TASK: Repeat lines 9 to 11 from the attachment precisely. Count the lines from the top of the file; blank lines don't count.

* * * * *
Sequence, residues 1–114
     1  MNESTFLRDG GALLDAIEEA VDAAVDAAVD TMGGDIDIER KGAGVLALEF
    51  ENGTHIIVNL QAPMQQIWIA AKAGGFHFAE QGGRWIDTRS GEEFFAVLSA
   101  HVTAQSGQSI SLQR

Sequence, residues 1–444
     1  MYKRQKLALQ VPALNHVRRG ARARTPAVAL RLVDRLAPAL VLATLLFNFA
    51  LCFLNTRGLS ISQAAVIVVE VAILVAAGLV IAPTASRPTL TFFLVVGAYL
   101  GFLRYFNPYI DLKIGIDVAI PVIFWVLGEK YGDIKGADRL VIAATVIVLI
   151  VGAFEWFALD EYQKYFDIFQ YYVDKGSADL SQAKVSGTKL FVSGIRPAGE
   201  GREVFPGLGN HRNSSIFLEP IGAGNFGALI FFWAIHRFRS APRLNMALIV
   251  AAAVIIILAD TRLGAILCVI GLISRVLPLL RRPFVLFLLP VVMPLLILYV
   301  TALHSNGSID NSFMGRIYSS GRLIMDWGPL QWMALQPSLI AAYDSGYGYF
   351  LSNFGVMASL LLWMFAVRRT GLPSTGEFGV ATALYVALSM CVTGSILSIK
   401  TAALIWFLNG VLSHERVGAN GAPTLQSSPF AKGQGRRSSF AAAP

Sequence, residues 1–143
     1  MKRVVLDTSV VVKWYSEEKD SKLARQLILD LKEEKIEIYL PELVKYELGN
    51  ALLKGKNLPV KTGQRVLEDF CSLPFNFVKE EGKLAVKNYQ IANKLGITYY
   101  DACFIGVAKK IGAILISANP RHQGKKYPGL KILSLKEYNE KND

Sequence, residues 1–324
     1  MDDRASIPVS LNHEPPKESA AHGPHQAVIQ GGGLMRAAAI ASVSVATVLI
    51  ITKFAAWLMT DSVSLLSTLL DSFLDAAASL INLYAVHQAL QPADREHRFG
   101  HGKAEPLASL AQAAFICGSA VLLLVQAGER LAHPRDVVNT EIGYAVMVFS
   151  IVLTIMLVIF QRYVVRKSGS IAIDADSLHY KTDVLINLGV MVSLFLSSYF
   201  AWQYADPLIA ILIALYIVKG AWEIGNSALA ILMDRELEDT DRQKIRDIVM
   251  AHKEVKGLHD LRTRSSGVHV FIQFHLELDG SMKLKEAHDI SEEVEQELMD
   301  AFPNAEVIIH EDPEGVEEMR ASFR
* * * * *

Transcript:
   151  VGAFEWFALD EYQKYFDIFQ YYVDKGSADL SQAKVSGTKL FVSGIRPAGE
   201  GREVFPGLGN HRNSSIFLEP IGAGNFGALI FFWAIHRFRS APRLNMALIV
   251  AAAVIIILAD TRLGAILCVI GLISRVLPLL RRPFVLFLLP VVMPLLILYV